In a pious moment, Thabo Mbeki, then president and engaged in “quiet diplomacy” in conflict-torn Zimbabwe, said it was up to the people of Zimbabwe to decide on their government and their future. This laudable sentiment was not his alone and was taken up by others and repeated at each stage of Zimbabwe’s decline from breadbasket to basket case.
Of course, Mbeki’s democratic piety was undermined by bias in his diplomacy – he was ostensibly a neutral broker between the ruling party, Zanu-PF, and the chief opposition, the Movement for Democratic Change. But he was also the man who drove the decision to sit on the damning Khampepe Report into the rigging of the 2002 Zimbabwean elections.
Further compromised elections followed the 2008 poll, in which Mugabe came closest to losing power. Mbeki suppressed a report by two South African judges, whom he had sent to evaluate the situation in Zimbabwe, when they reported that, in their view, the conditions for a free and fair election no longer existed there. The South African government then endorsed yet another dodgy election in the country just north of ours.
The people of Zimbabwe tried to remove Mugabe and Zanu-PF by means of the ballot box and found they could not. So it would not be surprising to find that Zimbabweans have lost faith in the apparent democratic process and have decided to find other methods to make their feelings known.
This is what has happened over the past few weeks. Stayaways emptied the streets for days. The immediate causes were the nonpayment of civil servants, the doomed plan to reintroduce the almost-worthless Zimbabwean dollar as the country’s currency and the state’s block on imports. As we report this week, the import restrictions are laughable when border officials are motivated more by bribery than by allegiance to regulations. But that situation is both a sign of the Zimbabwean government’s desperation and the fact that this manoeuvre is unlikely to help the country.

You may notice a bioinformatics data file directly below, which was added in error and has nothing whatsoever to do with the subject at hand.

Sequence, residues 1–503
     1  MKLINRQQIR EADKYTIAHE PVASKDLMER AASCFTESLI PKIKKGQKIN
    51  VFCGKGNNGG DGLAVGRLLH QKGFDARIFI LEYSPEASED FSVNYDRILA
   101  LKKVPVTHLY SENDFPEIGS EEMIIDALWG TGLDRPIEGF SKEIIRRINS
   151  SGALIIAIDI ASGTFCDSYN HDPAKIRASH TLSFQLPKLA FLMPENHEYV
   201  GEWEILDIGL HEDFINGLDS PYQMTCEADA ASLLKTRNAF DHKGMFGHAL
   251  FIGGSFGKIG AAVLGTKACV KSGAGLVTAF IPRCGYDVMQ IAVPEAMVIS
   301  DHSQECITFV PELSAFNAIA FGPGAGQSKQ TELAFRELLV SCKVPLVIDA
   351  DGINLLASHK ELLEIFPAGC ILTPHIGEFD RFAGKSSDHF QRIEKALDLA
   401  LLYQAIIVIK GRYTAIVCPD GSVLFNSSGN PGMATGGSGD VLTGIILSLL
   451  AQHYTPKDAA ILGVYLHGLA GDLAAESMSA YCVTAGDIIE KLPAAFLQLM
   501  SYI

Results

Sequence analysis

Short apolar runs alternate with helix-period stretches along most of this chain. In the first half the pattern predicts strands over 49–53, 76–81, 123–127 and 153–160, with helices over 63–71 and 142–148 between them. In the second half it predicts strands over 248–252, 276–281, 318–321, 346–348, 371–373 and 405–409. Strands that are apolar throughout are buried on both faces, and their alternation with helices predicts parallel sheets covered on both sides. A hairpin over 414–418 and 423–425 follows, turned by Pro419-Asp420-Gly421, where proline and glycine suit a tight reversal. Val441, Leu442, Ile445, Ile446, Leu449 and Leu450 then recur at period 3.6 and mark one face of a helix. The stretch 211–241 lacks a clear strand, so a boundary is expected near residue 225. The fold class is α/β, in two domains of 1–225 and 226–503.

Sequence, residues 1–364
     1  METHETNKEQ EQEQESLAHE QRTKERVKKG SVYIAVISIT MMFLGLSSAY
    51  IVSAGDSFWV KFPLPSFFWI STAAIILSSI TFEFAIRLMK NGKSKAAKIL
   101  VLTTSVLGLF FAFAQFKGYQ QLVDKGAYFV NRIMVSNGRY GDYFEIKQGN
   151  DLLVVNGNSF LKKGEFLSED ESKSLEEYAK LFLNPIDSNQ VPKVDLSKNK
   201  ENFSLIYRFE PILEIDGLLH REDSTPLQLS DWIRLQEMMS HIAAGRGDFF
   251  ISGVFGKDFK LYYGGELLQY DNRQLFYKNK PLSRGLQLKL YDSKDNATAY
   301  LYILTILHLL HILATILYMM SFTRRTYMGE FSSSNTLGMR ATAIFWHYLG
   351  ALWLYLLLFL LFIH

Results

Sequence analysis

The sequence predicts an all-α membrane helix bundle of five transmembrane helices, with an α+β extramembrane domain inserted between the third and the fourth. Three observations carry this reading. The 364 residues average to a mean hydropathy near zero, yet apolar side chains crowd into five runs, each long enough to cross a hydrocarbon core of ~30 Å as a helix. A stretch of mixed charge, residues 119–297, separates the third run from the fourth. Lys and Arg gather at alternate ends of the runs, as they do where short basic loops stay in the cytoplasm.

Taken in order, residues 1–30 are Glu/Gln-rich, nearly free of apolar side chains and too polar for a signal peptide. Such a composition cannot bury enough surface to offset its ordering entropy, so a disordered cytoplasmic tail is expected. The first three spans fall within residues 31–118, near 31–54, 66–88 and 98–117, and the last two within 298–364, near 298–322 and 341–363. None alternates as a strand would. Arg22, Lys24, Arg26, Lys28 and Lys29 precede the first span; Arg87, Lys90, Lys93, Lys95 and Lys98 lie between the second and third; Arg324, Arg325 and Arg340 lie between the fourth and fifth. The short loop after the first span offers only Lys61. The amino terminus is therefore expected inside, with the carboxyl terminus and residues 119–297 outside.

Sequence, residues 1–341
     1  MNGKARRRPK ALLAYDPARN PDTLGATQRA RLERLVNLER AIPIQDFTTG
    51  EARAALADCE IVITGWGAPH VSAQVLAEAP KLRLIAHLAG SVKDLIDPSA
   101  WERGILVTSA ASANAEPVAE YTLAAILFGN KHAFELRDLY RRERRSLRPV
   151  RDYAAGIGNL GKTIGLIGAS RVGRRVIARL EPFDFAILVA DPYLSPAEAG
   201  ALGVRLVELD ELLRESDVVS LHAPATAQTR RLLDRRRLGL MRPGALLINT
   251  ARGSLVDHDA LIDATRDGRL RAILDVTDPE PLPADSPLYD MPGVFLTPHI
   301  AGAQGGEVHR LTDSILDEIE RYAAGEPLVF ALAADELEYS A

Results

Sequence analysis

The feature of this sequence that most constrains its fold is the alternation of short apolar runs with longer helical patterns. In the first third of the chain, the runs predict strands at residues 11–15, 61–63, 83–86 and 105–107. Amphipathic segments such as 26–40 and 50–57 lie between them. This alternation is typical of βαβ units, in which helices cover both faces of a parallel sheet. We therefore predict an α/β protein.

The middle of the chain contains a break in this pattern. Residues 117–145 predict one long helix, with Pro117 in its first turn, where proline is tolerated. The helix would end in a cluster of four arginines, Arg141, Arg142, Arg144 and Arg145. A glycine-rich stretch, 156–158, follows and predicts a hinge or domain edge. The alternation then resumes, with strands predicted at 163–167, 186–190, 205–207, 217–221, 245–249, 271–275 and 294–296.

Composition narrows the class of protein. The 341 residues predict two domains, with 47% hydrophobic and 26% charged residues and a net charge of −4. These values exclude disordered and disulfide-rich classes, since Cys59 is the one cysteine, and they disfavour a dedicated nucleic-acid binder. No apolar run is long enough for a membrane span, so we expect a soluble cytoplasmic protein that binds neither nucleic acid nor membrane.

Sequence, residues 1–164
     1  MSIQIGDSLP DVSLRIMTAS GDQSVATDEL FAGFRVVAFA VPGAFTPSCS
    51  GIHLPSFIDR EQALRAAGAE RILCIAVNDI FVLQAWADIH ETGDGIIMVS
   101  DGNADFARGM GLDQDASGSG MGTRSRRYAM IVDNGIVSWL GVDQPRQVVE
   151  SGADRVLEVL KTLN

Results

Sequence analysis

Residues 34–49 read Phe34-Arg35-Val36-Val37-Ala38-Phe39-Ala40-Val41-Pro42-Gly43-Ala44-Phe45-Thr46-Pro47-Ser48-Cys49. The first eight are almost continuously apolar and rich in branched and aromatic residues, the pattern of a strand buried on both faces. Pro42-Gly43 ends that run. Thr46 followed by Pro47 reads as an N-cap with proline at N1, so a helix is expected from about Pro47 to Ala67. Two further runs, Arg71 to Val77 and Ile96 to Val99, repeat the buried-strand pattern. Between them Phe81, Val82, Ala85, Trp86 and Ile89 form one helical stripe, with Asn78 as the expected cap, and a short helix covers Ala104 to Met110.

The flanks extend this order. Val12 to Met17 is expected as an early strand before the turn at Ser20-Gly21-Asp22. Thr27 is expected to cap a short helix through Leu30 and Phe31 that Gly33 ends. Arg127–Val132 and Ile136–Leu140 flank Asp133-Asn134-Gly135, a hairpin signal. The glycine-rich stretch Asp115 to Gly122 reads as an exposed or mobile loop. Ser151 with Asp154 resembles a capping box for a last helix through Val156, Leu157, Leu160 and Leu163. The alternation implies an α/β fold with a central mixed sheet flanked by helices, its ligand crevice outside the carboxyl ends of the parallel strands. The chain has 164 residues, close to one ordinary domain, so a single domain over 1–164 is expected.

What is most inspiring about the present events in Zimbabwe, however, is that the people are expressing their views about their government and the way it behaves. They have cast off their fear of Mugabe’s heavies for long enough at least to attempt to speak truth to power.
The most memorable image to come out of Zimbabwe recently is that of Pastor Evan Mawarire, a Zimbabwean flag across his shoulders, giving vent to his frustration with Zanu-PF and Mugabe. Mawarire’s outcry sparked the current wave of protest.
But the operative symbol in that image is not Mawarire. It is the flag. #ThisFlag, the rubric Mawarire used to describe his protest, is now all over the media and is the name of this month’s demonstration of people’s power. It is a significant departure from the “Big Man” politics of Zimbabwe and other African countries.
The people are no longer waiting for another big personality to come and save them from the last saviour – now a destructive force. It is a moment of hope to see Zimbabweans turning to each other in their battle to rescue their nation.